“May the odds be ever in your favor!”
This is the traditional address Effie gives the residents of District 12 before the annual Reaping ceremony, right before one young boy and one young girl are picked out as human sacrifices…oh, sorry, “tributes”…to be thrown into an arena to fight to the death on live television. For the residents of District 12, the odds are decidedly not in their favor. Only one of their own has ever won the Hunger Games and they live in an isolated backwater that is beset by poverty and starvation, literally centuries behind in development to the rich Capital they supply with coal.
This is the beauty and horror of The Hunger Games, often compared to Twilight since each series has a teenage girl as the main protagonist—Bella in Twilight and Katniss in The Hunger Games. While each young woman is caught in a love triangle, beyond that they have little in common. Bella plays the damsel in distress, while Katniss is the fighter. And The Hunger Games is more than a great horror-adventure tale with a love story thrown in. This series deals with totalitarianism, the human impulse to treat blood sport as entertainment, and, on a very real level, power and class. (The last theme resonates with many given the recent protests against Wall Street).
The residents of the Capital are a bizarre, decadent, elite that live in splendor made possible by the labors of the 12 Districts, then further degrade these territories by making them sacrifice their own children for the Capital’s entertainment and betting purposes. Suzanne Collins’s vision has always been not only horrific but also plausible and eager fans everywhere were wondering whether it could be translated to the big screen. (Read Jocelyn Lucas Rosenberg’s review of the book).
Wonder no longer. Every detail about The Hunger Games has been perfectly executed. (Pun intended). Director Gary Ross comes up with a wonderful visual tableau—the bleakness and muted colors of District 12, where Capital resident Effie (an unrecognizable Elizabeth Banks who seems to be having the time of her life), appears almost alien, to the bright colors and fantastical wardrobes of the technologically advanced Capital where even the dogs have dyed pink hair, to the Arena itself with the stark survival setting of the woods. One warning: the film’s fighting sequences can be as harrowing as the subject matter attests. It’s one thing to read about kids killing kids and the slaughter at the Cornucopia; another thing entirely to see it, and it’s no wonder they had to fight for the PG-13 rating.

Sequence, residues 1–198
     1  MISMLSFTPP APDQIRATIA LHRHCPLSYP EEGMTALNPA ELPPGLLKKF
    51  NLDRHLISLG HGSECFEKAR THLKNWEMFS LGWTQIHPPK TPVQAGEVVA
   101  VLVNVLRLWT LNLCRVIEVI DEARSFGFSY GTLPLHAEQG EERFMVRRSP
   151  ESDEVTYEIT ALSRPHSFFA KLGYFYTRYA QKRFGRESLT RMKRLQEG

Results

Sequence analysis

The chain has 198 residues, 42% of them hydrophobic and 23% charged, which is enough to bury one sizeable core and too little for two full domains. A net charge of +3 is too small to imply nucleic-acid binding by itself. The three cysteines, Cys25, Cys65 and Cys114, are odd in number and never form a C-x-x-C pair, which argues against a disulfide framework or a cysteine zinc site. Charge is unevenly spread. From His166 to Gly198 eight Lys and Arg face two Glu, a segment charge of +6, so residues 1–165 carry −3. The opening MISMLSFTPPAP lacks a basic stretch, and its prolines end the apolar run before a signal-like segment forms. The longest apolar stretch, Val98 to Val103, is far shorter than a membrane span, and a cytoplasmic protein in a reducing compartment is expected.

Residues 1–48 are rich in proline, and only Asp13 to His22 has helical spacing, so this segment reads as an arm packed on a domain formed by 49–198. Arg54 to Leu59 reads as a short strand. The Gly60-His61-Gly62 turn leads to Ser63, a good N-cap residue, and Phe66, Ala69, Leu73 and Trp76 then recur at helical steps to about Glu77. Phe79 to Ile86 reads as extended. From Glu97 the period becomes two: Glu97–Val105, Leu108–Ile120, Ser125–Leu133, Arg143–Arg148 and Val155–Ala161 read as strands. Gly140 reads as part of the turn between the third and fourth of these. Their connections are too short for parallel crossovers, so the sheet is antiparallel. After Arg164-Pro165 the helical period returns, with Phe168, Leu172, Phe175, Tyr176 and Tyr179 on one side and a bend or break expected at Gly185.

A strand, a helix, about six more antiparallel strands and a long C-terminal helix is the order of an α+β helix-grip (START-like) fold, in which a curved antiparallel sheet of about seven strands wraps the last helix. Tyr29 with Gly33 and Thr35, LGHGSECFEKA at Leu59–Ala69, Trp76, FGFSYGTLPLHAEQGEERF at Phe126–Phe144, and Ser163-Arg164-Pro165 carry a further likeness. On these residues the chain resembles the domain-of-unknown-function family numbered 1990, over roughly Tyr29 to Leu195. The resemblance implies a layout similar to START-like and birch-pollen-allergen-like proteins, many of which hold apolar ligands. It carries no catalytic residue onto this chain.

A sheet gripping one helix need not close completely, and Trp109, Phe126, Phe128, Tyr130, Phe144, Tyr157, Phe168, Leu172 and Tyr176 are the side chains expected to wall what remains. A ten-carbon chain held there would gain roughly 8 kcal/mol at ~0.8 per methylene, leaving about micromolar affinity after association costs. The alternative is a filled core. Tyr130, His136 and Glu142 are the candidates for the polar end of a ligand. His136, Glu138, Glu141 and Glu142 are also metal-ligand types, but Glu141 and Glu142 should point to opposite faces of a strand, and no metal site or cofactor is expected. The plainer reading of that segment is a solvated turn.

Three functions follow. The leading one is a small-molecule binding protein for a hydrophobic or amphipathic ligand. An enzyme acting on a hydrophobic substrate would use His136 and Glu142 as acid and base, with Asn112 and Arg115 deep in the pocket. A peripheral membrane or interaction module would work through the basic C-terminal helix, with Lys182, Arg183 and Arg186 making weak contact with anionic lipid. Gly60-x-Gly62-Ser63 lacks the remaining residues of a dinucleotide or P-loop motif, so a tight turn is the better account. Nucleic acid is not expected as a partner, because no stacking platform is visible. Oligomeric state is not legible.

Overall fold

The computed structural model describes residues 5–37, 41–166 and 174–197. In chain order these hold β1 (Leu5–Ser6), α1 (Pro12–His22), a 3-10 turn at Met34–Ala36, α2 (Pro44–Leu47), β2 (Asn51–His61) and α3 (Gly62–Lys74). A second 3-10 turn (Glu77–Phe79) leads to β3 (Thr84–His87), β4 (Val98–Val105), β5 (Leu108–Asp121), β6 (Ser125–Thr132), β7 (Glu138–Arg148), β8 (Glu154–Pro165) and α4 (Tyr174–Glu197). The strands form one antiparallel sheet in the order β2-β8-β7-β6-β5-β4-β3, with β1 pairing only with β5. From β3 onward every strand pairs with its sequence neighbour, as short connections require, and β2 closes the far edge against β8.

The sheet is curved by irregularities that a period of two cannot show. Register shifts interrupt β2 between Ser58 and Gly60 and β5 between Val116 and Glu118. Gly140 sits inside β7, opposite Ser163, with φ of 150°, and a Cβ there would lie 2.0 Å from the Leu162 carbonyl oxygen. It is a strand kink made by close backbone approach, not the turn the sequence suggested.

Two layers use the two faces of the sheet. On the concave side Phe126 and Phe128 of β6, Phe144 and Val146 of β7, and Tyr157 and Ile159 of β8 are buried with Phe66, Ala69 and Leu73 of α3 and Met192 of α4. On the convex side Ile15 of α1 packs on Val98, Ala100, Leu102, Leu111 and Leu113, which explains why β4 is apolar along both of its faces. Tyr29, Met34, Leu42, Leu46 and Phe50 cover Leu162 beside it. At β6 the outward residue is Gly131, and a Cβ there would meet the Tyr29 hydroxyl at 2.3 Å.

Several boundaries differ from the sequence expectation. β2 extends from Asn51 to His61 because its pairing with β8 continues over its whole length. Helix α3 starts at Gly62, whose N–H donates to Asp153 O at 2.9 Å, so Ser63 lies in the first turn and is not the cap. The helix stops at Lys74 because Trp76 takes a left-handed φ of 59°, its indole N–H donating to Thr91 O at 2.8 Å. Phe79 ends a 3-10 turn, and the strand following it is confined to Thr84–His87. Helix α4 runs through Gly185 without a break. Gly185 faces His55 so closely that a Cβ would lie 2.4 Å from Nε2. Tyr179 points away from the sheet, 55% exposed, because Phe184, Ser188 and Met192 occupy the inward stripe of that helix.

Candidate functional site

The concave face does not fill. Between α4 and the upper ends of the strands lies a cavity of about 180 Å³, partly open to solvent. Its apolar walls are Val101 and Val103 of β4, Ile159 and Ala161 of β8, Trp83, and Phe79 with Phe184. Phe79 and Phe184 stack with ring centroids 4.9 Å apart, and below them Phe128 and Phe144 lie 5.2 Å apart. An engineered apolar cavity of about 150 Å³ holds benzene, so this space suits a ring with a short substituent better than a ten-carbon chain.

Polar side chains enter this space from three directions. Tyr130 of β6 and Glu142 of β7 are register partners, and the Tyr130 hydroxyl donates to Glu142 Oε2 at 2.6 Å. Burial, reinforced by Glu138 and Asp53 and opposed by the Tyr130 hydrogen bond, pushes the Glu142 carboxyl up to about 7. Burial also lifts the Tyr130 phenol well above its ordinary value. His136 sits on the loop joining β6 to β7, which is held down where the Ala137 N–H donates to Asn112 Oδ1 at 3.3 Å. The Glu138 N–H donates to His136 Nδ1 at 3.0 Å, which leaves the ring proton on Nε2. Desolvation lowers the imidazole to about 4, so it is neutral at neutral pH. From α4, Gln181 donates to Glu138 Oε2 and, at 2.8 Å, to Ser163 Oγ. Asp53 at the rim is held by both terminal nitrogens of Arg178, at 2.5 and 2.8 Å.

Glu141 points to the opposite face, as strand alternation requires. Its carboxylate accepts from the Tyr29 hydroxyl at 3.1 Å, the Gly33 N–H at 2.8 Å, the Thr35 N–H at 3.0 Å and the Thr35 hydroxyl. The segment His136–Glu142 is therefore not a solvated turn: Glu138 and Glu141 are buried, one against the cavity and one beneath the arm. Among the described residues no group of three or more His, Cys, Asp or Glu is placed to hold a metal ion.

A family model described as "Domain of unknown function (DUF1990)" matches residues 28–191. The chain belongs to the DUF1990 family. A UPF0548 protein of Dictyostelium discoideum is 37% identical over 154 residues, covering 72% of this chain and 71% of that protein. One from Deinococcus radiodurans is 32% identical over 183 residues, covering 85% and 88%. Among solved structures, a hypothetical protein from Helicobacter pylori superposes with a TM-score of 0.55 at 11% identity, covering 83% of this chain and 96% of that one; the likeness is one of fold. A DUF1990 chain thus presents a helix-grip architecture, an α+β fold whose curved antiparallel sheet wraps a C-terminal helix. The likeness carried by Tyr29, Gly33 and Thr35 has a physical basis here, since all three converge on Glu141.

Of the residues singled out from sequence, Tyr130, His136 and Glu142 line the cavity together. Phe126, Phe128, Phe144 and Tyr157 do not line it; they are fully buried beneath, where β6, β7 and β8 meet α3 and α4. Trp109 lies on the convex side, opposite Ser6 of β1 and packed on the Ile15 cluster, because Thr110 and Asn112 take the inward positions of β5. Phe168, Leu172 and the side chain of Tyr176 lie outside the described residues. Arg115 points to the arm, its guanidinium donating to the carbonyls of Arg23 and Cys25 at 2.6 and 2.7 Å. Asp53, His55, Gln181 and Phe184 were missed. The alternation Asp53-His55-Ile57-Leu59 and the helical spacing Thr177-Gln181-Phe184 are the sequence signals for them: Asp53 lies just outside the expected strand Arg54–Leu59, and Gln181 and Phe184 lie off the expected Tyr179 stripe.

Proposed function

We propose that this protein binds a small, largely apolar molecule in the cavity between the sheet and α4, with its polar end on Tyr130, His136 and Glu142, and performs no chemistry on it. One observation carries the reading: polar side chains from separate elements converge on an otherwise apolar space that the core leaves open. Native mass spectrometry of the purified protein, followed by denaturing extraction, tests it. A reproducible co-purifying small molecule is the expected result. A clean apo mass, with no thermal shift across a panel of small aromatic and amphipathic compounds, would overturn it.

Since the movie, unlike the books, isn’t limited by being told only through Katniss’s eyes, we get to witness more anger from Haymitch (a pitch perfect Woody Harrelson) and his growing interest in his mentee’s survival, the machinations of Capital officials like President Snowe (a regal yet menacing Donald Sutherland), and gamekeeper Seneca (Wes Bentley in the best work he’s done in years), and the way Katniss, simply by being herself, unwittingly sparks rioting and rebellion among those in the other districts.
Casting is important, particularly in a film that will become a series with continuing characters. The Hunger Games succeeds brilliantly with a rich lineup of actors, well known and soon-to-be-known. Lenny Kravitz is gorgeous and cool as District 12’s design genius Cinna, while Brooke Bundy as Octavia makes her first brief appearance (soon to grow as a greater role). Stanley Tucci and Toby Jones are a ball as the Games commentators Ceasar Flickerman and Claudius Templesmith.
Joss Hutcherson, is normally a brunette but he managed to transform himself perfectly into Peeta, the stocky, blond-haired baker’s boy. More importantly he manages capture Peeta’s souful qualities and his eyes always hint at deep levels of pain and strategy.
The film, however, rises and falls on Katniss and Jennifer Lawrence immerses herself so totally in the role you’re tempted to believe it was originally written for her. She is Katniss, that prickly, passionate, girl from District 12 who’s never more at home than in the woods. She is The Girl on Fire. Accept no substitutes. (Read our review of Lawrence’s Oscar-nominated performance in Winter’s Bone).
The Hunger Games set box office records this weekend. I could see it at the multiplex, not just in the lines and the packed theaters, but in the way the movie affected its audience that greeted several moments in the film with spontaneous applause. The Hunger Games is the first true “event” movie of the summer and unlike other such films, this one happens to be good. Get ready for the start of the Next Big Franchise, a film that leaves you Hungry for more.
Photos by Murray Close for Lionsgate